To be faithful and committed to my wife, I had to eliminate the temptations, like too much perusing on Facebook or letting my mind wander too much in social settings. We’re all vulnerable to letting our minds and eyes wander. Things like alcohol, emotionally charged occasions and tiredness can all contribute to putting us in a position where we’re weak.
13 For the experienced romance reader the difference between these particular lines is in fact even more complex since the line that is now called Harlequin Desire used to be called Silhouette Desire and was published by Harlequin’s subsidiary Silhouette. This subsidiary had a somewhat different profile than Harlequin itself, which was the result of the complex institutional history of the category romance market. Silhouette was originally founded in the early 1980s as a separate publisher and one of the main competitors to Harlequin in the category romance market. This competition ended when Torstar, Harlequin’s parent company, acquired Silhouette in 1984. Although from then on the two publishers essentially belonged to the same business conglomerate, Silhouette continued to be developed as a separate brand name with a somewhat more modern, progressive and specifically American profile than the Canadian Harlequin. Over time the differences between the two brands became less and less pronounced, and in April 2011 the Silhouette brand was discontinued and the imprints published under this brand, such as the Silhouette Desire line, underwent a slight name change. The distinction between Harlequin and Silhouette (or between such lines as Harlequin Desire and Harlequin Blaze) may seem insignificant to readers who are unfamiliar with the category market and its complex institutional history, yet it is highly significant to experienced romance readers, as is indicated by the fact that the two brands existed side by side within one publisher for twenty-five years. For more on this complex institutional history of the genre, see Paul Grescoe’s The Merchants of Venus: Inside Harlequin and the Empire of Romance and Joseph McAleer’s Passion’s Fortune: The Story of Mills & Boon.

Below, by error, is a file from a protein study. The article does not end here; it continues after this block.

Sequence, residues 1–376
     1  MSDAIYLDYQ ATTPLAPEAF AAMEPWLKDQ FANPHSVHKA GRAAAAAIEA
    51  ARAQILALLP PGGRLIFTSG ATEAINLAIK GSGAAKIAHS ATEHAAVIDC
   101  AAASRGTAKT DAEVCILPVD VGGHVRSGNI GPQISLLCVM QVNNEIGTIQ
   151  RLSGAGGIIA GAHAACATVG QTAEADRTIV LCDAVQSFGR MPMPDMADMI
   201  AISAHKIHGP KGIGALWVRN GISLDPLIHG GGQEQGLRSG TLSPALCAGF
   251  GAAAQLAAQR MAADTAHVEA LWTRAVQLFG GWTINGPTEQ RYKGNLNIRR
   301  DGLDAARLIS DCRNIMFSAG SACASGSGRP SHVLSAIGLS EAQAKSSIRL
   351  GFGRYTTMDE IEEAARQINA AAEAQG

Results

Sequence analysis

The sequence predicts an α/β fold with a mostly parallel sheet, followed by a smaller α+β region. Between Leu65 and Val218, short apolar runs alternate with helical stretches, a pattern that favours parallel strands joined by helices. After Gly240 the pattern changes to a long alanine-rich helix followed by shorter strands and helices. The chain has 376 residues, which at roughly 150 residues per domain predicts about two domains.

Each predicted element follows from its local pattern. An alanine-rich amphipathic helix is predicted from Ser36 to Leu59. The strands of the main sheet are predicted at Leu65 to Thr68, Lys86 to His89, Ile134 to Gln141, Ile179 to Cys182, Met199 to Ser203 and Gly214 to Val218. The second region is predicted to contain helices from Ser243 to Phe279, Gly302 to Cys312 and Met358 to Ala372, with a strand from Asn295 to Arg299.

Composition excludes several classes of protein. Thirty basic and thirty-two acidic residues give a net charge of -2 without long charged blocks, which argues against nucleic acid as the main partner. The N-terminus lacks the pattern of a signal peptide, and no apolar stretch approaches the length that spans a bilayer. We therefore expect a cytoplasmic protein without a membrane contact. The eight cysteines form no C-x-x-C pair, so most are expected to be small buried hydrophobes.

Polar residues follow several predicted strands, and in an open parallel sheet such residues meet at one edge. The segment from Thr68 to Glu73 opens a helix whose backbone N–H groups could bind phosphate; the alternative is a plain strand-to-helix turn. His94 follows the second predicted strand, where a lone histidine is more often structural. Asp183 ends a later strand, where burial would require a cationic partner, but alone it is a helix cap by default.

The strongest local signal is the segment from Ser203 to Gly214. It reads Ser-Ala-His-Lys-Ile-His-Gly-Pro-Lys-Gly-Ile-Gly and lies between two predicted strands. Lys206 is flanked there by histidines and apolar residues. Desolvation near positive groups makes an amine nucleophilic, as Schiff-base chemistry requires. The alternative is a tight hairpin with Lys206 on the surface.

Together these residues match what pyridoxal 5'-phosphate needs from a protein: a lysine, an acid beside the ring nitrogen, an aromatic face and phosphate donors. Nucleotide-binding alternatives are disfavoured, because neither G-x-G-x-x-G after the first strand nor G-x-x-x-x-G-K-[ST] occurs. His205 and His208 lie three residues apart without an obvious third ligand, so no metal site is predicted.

We’re obviously big fans of exercise in general, but making time for a regular fitness session does more than just sculpt a strong physique. While getting your sweat on may not cause happiness, it can certainly contribute to it. Physical activity helps our bodies produce disease-fighting proteins—called antibodies—and our brains release endorphins. While antibodies boost happiness by keeping illness at bay, endorphins are feel-good chemicals that improve your mood while promoting feelings of euphoria. To top it all off, research suggests that regular activity may lead to lasting happiness. Long-term association between leisure-time physical activity and changes in happiness: analysis of the Prospective National Population Health Survey. Wang F, Orpana HM, Morrison H. American Journal of Epidemiology, 2012, Nov.;176(12):1476-6256. So it’s safe to say your gym membership pays off—physically and mentally—in the long run.